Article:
Wednesday, November 26, 2014

Registered Accounts

I had to sell stocks in my registered accounts to ensure that I have enough money there to cover this year’s withdrawal and withdrawals for the next few years. The market is relatively high and so it is not a bad time to sell. I basically look for stocks with the lowest dividend yield and sell them.

This year I sold Canadian Tire (TSX-CTC.A) and Saputo (TSX-SAP). According to the Globe and Mail, the dividend yield on Canadian Tire is 1.657% and on Saputo is 1.576%. I am putting what money I do not need this year from my registered accounts in 1 year GIC.

I used to have the balance in an MMF, but TD’s Fixed Income Desk told me that TD has a TD Investment Savings Account (TDB8150) with an interest rate of 1.2%. This rate is, of course, better than the MMF of around 0.32%.

I have 3 to 5 years of withdrawals required from my registered account in cash or near cash. Bear markets can last up to 3 years, so it is wise to have at least 3 years of cash in an RRSP account you will be withdrawing funds from. To have 4 or 5 years of cash gives you a margin of safety.

On my other blog I am today writing about Northland Power Inc. (TSX-NPI, OTC-NPIFF) ... continue...

This blog is meant for educational purposes only, and is not to provide investment advice. Before making any investment decision, you should always do your own research or consult an investment professional. I do research for my own edification and I am willing to share. I write what I think and I may or may not be correct.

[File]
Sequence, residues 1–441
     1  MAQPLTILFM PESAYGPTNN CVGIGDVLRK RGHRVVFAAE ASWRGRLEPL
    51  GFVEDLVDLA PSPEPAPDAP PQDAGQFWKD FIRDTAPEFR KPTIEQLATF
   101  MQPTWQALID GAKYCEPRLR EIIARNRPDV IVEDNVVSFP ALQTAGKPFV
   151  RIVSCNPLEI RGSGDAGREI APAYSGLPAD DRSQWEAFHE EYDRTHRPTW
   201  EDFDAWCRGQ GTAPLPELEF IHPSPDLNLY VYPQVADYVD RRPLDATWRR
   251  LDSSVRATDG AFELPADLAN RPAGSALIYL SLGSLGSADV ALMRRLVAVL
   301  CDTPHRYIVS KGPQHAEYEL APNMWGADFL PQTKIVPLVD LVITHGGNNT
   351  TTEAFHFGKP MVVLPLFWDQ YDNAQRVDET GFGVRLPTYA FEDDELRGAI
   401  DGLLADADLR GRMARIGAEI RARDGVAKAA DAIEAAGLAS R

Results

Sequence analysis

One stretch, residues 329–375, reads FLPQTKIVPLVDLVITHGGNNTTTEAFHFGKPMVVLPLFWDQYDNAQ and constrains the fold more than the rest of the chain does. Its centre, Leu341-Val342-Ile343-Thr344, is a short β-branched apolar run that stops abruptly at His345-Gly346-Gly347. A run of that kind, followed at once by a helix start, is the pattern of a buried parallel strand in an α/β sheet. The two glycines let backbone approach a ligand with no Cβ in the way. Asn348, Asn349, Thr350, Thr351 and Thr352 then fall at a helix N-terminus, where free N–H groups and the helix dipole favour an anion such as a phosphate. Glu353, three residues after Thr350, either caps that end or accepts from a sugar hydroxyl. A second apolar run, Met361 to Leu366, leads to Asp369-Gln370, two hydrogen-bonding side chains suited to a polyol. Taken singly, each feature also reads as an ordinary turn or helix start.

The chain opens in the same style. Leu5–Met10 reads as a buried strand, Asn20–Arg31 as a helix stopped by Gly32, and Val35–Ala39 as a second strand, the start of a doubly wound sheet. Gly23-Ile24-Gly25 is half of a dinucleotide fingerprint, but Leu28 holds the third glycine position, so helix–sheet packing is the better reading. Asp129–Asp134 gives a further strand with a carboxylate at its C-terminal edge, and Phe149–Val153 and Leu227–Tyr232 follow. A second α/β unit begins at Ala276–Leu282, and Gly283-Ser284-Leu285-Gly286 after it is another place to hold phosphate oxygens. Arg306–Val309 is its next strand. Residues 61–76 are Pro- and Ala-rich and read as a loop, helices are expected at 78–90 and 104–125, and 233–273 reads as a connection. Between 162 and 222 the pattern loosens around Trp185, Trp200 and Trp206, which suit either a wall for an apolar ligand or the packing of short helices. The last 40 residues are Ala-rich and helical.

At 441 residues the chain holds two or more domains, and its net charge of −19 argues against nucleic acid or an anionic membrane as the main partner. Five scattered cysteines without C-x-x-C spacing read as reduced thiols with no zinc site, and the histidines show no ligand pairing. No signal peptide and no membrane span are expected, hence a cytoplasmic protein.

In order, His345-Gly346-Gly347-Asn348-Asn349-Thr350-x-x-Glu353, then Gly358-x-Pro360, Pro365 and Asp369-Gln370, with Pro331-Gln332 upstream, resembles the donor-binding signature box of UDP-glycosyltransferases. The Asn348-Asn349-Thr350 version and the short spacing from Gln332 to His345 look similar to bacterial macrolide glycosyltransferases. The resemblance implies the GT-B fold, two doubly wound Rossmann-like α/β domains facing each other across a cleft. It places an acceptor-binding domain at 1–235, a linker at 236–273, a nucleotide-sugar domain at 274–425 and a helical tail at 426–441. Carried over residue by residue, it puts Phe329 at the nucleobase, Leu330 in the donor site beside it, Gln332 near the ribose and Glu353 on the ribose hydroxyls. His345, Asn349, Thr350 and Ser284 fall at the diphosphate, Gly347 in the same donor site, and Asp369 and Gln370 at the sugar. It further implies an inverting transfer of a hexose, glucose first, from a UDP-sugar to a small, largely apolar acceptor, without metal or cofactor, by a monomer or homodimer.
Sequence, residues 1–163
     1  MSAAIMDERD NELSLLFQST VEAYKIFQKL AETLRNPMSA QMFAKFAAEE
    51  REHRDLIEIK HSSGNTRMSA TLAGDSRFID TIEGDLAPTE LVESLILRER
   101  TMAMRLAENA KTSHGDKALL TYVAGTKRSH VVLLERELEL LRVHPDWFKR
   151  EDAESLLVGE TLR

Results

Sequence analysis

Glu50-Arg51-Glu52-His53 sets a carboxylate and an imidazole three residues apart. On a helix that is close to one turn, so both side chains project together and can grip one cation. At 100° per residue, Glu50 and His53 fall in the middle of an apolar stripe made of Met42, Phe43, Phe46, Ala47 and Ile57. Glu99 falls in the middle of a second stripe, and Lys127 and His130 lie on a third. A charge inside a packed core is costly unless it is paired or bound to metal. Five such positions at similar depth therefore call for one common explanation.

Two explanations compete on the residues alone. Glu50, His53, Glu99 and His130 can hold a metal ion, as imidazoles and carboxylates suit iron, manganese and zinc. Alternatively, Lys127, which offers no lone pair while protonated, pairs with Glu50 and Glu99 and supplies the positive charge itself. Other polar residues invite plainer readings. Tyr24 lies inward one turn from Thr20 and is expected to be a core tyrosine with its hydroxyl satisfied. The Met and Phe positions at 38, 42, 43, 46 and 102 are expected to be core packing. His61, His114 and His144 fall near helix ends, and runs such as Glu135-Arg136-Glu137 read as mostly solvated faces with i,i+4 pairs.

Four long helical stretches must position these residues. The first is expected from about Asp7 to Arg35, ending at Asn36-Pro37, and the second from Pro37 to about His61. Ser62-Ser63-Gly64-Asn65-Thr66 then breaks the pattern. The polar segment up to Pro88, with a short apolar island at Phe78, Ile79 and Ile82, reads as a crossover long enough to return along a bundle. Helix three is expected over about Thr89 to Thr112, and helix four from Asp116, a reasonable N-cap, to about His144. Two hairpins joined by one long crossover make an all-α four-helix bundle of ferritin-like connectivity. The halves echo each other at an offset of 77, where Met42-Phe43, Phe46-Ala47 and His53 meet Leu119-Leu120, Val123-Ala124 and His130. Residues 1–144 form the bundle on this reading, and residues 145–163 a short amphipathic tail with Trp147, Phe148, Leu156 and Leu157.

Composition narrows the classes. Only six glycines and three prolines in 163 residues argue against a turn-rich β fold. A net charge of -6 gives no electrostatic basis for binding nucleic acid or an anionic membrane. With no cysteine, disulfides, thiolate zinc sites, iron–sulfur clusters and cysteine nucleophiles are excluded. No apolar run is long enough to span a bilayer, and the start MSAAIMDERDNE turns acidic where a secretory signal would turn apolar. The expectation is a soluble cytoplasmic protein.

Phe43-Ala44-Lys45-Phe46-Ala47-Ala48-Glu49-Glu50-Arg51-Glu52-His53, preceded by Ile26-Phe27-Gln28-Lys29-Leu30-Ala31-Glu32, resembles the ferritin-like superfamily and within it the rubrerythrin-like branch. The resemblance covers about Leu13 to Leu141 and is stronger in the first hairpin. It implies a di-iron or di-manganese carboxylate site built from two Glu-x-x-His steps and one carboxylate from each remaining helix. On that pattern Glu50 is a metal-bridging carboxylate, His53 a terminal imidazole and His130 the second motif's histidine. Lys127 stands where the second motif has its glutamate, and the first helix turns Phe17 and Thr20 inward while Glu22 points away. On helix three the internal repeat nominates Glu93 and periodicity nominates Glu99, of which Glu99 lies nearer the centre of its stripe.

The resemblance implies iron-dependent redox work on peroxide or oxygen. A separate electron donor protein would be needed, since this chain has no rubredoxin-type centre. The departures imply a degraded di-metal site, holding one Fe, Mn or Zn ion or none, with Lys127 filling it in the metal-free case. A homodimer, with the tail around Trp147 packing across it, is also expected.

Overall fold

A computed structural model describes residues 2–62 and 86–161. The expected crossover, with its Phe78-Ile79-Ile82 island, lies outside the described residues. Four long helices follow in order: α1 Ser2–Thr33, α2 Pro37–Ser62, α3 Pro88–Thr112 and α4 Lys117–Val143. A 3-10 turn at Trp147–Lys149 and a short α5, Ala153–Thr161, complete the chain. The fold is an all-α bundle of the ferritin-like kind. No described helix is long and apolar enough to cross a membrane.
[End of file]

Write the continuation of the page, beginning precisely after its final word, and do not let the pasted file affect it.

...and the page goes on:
See my site for an index to these blog entries and for stocks followed. Follow me on Twitter.

Monday, November 24, 2014

October 2014 Market Correction

How did my portfolio do in connection with the market correction we had in October 2014? If you have dividend paying stocks, it should not correct as much as the market does.

I look at the TSX Index on August 29, 2014 and the one for October 21, 2014. The numbers were 15,558.17 and 15111.13. So from the end of August 2014 to last Friday, October 21, 2014 the TSX Index is down by 2.87%.

I look at my portfolio on August 29, 2014 and for October 21, 2014. I converted by US account into CDN$ based on the exchange rates of August 29, 2014 and for October 21, 2014. I added back into my account all monies taken out and subtracted any new money. My portfolio is up by 1.09% since the end of August 2014.

I have put into my TFSA account some riskier dividend paying small cap stocks. This account is down by 4.42%. I started this account in 1997. My US account in US$ is down by 2.18% but in CDN$ it is up by 1.24%.

My oldest account, where I have stocks dating back to the early 1980's, is up by 3.07%. I did not start this account until 1986, but I had stocks before then and placed them in this account. My RRSP account, started in 1995 is down by 1.24% and my RRIF account, started in 1998 is down by 0.09%. (I had some locked in pension money and could only access it by an RRIF account.)

On my other blog I am today writing about Keyera Corp. (TSX-KEY, OTC-KEYUF) ... continue...

This blog is meant for educational purposes only, and is not to provide investment advice. Before making any investment decision, you should always do your own research or consult an investment professional. I do research for my own edification and I am willing to share. I write what I think and I may or may not be correct.

See my site for an index to these blog entries and for stocks followed. Follow me on Twitter.

Wednesday, November 19, 2014

Money Show 2014 - David Wyss